By on July 7, 2014



Why wait to pay $30,000 for Alfa’s new, long-rumored, often-postponed rear-drive Giulia when you can have one right now?

Bring A Trailer has this example, lovingly cared for by Automobile Magazine’s Jamie Kitman, for as much as an Audi A3. Like all of Kitman’s vintage motors, this one is in tip-top shape and has an interesting history to go along with it, having made the trip from Rome to New York via London. If anyone is interested, you can contact Jamie through the BaT ad.

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26 Comments on “Crapwagon Outtake: You Don’t Have To Wait For A $30k Alfa Giulia...”

  • avatar
    juicy sushi

    Oooooh, if only I had that cash lying around.

    Every Alfa after these 105/110s were a vain attempt to recreate the magic. Dark blue, some Alfaholics goodies, a sunny day, and a good road to drive down… Heaven.

    • 0 avatar

      Whichever Alfa you own all the rest that came after are pale imitations or receive the dreaded “not a real Alfa” epithet.

      But not so!

      We must stick together Alfa brothers! If not for each other then for the 100-year-old but always-on-the-verge-of-bankruptcy company we all bleed Alfa Rosso for.

    • 0 avatar

      I would rate the 116 Alfettas higher. They were a lot more sophisticated – the pinnacle of post war Alfa Romeo in terms of design and engineering and way ahead of the competition. Of course unlike the 105s they are less lovable as build quality was atrocious. Trust me on this one as I own one example of each. Then there are the Suds. Who says that they don’t even more magic (beneath the rust)?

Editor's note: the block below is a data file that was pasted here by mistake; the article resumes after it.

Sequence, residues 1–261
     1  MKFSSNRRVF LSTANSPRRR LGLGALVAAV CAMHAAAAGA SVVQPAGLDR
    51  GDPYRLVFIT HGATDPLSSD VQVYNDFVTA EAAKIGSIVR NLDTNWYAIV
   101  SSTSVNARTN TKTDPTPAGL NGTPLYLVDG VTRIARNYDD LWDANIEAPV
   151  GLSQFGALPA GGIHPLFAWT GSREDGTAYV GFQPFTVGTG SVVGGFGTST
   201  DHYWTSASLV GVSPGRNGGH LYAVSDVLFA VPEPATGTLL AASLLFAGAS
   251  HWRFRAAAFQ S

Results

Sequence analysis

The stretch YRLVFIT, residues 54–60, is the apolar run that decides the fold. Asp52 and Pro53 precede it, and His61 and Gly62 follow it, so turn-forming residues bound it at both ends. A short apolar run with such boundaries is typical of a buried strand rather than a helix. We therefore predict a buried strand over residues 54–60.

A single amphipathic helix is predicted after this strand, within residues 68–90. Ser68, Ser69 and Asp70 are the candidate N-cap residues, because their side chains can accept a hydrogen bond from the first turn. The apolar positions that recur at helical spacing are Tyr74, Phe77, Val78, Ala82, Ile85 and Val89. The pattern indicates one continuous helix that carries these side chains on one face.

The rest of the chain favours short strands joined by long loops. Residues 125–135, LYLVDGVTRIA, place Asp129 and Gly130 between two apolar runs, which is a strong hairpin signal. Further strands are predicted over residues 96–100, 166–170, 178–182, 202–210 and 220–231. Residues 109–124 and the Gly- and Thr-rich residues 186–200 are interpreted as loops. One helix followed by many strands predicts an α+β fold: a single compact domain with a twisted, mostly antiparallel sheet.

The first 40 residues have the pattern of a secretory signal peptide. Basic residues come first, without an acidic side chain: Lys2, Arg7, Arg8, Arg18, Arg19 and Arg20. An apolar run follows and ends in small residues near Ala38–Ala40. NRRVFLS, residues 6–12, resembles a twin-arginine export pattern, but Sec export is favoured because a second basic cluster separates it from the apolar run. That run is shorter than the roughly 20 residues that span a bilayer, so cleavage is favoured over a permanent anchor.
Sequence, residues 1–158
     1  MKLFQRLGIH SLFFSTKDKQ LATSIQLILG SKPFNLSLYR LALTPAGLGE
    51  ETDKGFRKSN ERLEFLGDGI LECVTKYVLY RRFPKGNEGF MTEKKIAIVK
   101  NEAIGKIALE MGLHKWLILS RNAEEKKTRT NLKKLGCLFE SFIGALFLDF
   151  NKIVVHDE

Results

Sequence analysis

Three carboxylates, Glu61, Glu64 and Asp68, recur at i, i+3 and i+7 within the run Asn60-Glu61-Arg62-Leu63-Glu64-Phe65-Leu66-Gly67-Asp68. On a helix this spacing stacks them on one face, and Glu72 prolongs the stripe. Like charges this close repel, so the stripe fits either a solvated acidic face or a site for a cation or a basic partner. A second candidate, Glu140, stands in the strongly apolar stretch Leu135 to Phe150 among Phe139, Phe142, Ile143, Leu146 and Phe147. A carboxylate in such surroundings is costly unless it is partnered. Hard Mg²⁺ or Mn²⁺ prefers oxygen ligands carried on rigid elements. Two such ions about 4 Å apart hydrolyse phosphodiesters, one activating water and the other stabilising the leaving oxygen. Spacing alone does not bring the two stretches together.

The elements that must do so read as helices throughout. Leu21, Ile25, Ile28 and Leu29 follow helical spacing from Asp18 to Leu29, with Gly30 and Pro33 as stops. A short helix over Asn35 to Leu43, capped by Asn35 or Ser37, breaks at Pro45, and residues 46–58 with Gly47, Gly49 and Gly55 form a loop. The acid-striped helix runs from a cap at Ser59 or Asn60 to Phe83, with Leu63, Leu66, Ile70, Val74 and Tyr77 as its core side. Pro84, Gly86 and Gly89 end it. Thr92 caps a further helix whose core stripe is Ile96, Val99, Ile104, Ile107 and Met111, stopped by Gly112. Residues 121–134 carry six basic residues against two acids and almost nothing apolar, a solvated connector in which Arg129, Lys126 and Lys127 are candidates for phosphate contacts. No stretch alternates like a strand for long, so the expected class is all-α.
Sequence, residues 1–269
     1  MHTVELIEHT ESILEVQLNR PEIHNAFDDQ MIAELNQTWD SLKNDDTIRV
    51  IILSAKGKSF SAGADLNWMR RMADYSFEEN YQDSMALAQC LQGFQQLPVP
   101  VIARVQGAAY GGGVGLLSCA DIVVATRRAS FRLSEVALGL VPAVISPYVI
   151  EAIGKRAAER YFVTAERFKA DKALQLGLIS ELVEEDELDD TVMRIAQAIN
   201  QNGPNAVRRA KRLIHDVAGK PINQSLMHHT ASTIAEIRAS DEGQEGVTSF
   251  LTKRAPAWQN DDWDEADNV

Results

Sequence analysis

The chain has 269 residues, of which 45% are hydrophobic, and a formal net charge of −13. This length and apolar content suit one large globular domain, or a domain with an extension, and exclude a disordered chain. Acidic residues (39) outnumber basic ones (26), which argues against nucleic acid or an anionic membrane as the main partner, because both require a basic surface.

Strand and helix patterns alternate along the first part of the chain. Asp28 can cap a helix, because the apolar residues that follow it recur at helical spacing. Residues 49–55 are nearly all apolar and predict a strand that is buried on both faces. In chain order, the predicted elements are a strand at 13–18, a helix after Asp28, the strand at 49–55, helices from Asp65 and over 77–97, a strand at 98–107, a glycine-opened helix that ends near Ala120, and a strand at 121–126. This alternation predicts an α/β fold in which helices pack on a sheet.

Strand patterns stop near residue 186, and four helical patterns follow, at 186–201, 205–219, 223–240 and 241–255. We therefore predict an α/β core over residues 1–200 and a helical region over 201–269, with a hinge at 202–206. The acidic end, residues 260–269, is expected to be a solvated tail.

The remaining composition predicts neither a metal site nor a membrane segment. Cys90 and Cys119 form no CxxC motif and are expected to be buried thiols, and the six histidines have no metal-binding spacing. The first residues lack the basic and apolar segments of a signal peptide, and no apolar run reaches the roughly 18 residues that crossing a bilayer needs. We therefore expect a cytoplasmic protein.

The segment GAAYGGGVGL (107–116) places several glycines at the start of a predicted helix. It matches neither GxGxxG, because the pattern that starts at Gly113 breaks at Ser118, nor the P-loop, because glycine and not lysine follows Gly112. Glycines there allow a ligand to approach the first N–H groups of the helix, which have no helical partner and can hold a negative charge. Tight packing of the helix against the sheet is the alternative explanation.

• avatar

    Yea but what kind of infotainment does it have?

  • avatar

    Jamie is my hero.

  • avatar

    I love the look and the color…I am thinking smoother Volvo 240

    • 0 avatar

      If you think they’re comparable, just go for a top condition 240 for a third of the price!

    • 0 avatar

      Due to weight and size differences I can’t compare the two, but I see where you’re coming from as far as styling goes. Numerous sedans in the 60’s had a fine stoic squareness to them with tasteful styling attributes.

  • avatar
    Da Coyote

    I had a red Giulietta Sprint (1960)during the last of my undergrad days.

    Still a beautiful car (IMHO), but yes it had the typical Italian characteristics – fun to drive, but required repairs approximately once per hour of engine running time.

    But, I’d love to have it again.

    • 0 avatar

      That sounds like Woody Allen describing one-night stands:

      “Sex without love is a meaningless experience….but as meaningless experiences go, it’s one of the best.”

  • avatar

    I love Alfa’s, but I don’t swoon to the tune of 30G’s for a 4-dr. saloon unless its a Jag, Bentley, Two eyed Rolls, Merc’, Citroen, or pre-war Cadillac/Lasalle/Packard/Nash/Studebaker/Hudson/Buick/Olds/Model-A_B_V-8 Ford….

  • avatar

    As a sedan buff I’d possible pick this up for $30k, only thing is that its too fine to DD, I’d never forgive myself if I parked it at a shopping center.

    • 0 avatar

      Reg; ” its too fine to DD, I’d never forgive myself if I parked it at a shopping center.”

      If you don’t at least weekend drive it like a regular vehicle, how are ever going to get the value out of it?